The Capitulation of Granada. End of Islamic rule on the Iberian peninsula
The Granada War (Spanish: Guerra de Granada) was a series of military campaigns between 1482 and 1492, during the reign of the Catholic Monarchs (los Reyes Católicos) Isabella I of Castile and Ferdinand II of Aragon, against the Nasrid dynasty's Emirate of Granada. It ended with the defeat of Granada and its annexation by Castile, ending all Islamic rule on the Iberian peninsula (al-Andalus).
The ten-year war was not a continuous effort, but a series of seasonal campaigns launched in spring and broken off in winter. The Granadans were crippled by internal conflict and civil war, while the Christians were generally unified. The war also saw the effective use of artillery by the Christians to rapidly conquer towns that would otherwise have required a long siege. On January 2, 1492 Muhammad XII of Granada (King Boabdil) surrendered the Emirate of Granada, the city of Granada, and the Alhambra palace to the Castilian forces.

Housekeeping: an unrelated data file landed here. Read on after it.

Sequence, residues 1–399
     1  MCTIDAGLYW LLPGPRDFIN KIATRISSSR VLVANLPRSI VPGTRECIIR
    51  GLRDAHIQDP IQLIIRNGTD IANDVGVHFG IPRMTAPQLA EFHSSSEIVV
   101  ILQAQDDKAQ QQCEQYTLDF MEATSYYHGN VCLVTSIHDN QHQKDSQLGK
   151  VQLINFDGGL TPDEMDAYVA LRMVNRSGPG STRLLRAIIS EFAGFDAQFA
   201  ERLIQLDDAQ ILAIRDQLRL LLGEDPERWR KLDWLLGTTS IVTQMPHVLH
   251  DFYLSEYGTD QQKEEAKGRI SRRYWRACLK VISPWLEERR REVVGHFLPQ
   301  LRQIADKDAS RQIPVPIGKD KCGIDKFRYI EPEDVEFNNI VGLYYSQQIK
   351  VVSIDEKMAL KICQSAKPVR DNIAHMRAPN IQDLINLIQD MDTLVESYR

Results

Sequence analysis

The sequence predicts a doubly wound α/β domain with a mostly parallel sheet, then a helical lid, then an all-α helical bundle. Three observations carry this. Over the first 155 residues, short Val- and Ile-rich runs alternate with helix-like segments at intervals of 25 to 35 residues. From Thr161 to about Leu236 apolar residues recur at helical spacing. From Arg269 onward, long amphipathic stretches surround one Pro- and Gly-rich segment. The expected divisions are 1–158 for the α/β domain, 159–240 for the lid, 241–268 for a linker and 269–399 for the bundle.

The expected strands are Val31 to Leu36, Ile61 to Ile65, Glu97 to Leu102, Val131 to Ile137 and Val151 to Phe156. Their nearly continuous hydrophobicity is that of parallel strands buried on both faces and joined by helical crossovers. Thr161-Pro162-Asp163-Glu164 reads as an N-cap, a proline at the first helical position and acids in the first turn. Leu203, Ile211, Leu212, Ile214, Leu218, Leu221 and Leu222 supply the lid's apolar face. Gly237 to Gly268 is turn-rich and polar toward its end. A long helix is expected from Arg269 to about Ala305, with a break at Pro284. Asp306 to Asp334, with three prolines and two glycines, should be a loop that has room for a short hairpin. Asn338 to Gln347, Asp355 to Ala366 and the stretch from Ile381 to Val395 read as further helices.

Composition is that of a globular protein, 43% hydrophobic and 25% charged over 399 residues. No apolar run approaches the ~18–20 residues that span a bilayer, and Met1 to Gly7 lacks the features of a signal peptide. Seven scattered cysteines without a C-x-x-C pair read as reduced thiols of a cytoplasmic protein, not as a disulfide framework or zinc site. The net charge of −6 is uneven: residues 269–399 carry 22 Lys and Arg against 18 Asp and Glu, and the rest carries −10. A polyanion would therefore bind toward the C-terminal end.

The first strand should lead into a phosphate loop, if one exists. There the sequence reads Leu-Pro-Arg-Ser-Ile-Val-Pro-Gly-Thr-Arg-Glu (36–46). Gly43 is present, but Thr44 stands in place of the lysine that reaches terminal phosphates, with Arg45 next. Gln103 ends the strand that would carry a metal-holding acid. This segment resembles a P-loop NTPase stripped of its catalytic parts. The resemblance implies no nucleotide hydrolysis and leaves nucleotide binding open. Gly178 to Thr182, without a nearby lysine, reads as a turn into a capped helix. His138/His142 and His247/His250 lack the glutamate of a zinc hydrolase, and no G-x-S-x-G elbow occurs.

The war was a joint project between Isabella's Crown of Castile and Ferdinand's Crown of Aragon. The bulk of the troops and funds for the war came from Castile, and Granada was annexed into Castile's lands. The Crown of Aragon was less important: apart from the presence of King Ferdinand himself, Aragon provided naval collaboration, guns, and some financial loans. Aristocrats were offered the allure of new lands, while Ferdinand and Isabella centralized and consolidated power. The aftermath of the war saw the end of convivencia ("live and let live") between religions In the Iberian peninsula: the Jews were forced to convert to Christianity or be exiled in 1492, and by 1501, all of Granada's Muslims were obliged to convert to Christianity, become slaves, or be exiled; by 1526 this prohibition spread to the rest of Spain. "New Christians" (conversos) came to be accused of crypto-Islam and crypto-Judaism.
Spain would go on to model its national aspirations as the guardian of Christianity and Catholicism. The fall of the Alhambra is still celebrated every year by the City Council of Granada, and the Granada War is considered in traditional Spanish historiography as the final war of the Reconquista. At the same time, and uniquely in the "Reconquista", the Granada War itself is never called "the reconquest of Granada"", but rather "the conquest of Granada". Granada in its current form had never been Christian before the "reconquista", however the corresponding region was held by the Christian Visigothic Kingdom prior to the 8th century Umayyad conquest of Hispania.